20 Jul 2023 3 min read

US-China relations: parting clouds or eye of the storm?

By Matthew Rodger

US-China tensions could continue to give investors heartburn despite recent efforts to patch up the relationship.


On 9 July, US Treasury Secretary Janet Yellen returned from her four-day trip to Beijing saying her visit represented a ‘step forward’ in US-China relations. The sigh of relief from investors was audible.

Relations between the world’s two largest economies have been troubled since the start of the Trump presidency in 2017. Since then, we’ve seen rows over tariffs, intellectual property, alleged espionage and naval patrols in the South China sea (to name but a few). The ongoing turbulence in such a vital relationship has given investors globally an extra helping of anxiety they didn’t ask for.

But does Secretary Yellen’s successful visit mark a turning point? Or is the current bonhomie just an interlude between further bouts of tension?

Two countries, both alike in dignity

Though relations have been civil of late, both sides have cultivated a laundry list of complaints about each other. While disputes over trade characterised the early phase of the dispute under President Trump, under Biden the focus has moved to industrial policy.

These frictions have resulted in a much more rigorous US sanctions regime to combat Chinese support of strategically important sectors, particularly semiconductors.1 China has responded, limiting access to some rare metals2 and components for solar panels.3


Other frustrations have been levelled at China. In particular, Taiwan (off the coast of mainland China) remains a focal point for tension, particularly in the lead-up to Taiwan’s presidential election in January. America’s allies in the region, particularly Japan and Australia, have been watching China’s military build-up with mounting alarm.

Ongoing diplomatic engagement with Russia, despite Moscow’s invasion of Ukraine, has raised suspicion among America’s allies in Europe.

What we have joined together, let no row put asunder

In contrast to the diplomatic wrangling, the depth of the economic relationship between the two countries remains more globally significant than any other. The value of goods traded between the two countries amounted to over $700bn last year, the largest amount traded between any two countries globally.


Interconnection between the two economies was evident during the COVID-19 pandemic, with lockdowns in China and supply chain stress reflected in heightened inflation worldwide.

What’s more, to tackle global challenges, including climate change, global security and artificial intelligence, the two countries have to work together. Establishing a common framework for monitoring the emergence of future diseases, essential for preventing a repeat of COVID-19, is another area where the US and China have a common interest. Making progress in these areas requires both parties to put aside their differences and collaborate.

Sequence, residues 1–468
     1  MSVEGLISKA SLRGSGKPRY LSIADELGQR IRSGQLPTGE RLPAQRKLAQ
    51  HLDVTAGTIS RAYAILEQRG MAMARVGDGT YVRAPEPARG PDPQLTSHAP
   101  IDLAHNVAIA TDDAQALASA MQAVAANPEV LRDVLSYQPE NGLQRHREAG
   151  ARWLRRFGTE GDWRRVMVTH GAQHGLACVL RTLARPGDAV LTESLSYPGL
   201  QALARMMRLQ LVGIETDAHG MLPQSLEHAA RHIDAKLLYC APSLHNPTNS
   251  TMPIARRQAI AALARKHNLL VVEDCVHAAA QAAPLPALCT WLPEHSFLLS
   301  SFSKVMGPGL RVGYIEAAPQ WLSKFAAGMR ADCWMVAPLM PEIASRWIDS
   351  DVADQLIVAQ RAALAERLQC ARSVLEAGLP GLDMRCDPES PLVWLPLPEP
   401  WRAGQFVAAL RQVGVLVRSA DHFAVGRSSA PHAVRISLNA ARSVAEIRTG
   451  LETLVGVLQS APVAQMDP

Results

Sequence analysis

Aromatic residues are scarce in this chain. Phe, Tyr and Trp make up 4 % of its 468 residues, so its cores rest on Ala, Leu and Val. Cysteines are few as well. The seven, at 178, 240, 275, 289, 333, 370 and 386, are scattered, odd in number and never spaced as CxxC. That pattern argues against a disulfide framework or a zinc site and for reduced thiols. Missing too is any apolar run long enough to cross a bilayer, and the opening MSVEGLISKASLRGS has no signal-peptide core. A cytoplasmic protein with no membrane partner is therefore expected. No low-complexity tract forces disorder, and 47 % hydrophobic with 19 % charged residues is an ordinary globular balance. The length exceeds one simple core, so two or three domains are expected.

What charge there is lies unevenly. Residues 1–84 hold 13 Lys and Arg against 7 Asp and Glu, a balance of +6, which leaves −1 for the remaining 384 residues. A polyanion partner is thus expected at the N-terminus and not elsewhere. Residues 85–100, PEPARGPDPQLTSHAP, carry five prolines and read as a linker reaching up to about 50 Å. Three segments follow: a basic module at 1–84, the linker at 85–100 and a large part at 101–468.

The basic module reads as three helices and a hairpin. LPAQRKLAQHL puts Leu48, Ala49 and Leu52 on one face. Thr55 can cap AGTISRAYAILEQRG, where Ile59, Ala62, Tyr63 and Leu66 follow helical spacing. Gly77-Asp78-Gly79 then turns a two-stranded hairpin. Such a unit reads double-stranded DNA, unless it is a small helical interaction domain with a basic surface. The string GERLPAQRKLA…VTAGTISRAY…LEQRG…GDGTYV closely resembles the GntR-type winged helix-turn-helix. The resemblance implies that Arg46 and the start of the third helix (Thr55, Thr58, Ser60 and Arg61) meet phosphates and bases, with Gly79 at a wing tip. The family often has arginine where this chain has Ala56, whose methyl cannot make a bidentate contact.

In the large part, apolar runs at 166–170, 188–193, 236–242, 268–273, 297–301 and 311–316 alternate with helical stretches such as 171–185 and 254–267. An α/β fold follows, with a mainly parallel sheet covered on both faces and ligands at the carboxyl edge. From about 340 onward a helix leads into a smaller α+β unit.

Tension is the order of the day

We believe US-China relations will balance the political desire for confrontation with economic interests, keeping investors on their toes. Short-term ruptures in relations will always have the capacity to surprise markets, as evidenced by a spat over an alleged surveillance balloon in February of this year.

Nevertheless, we judge the countries’ shared interests will be enough to keep relations from breaking down completely.

For Chinese assets, we think the recent calm in US-Chinese relations has the potential to provide a support to improved performance. However, given the fundamental disputes between the two nations and the relationship’s vulnerability to shocks, we do not expect this to provide a sustained recovery.


1. Source: https://www.reuters.com/markets/us/us-heightens-export-controls-advanced-chip-gas-turbine-engine-technologies-2022-08-12/ 

2. Source: https://www.reuters.com/technology/us-firm-axt-applying-permits-after-china-restricts-chipmaking-exports-2023-07-04/ 

3. Source: https://www.reuters.com/breakingviews/china-ban-would-slow-not-halt-western-solar-push-2023-02-03/ 

Matthew Rodger

Assistant Economist

Matthew is an economist covering emerging markets. He uses countries’ historical experience, alongside fresh economic data and quantitative methods, to recognise new investment opportunities. Prior to joining LGIM, Matthew graduated with an MSc in Economics from the London School of Economics and worked in various economic research roles. When not studying EM economies, he is enjoys reading, hillwalking and skiing.

Matthew Rodger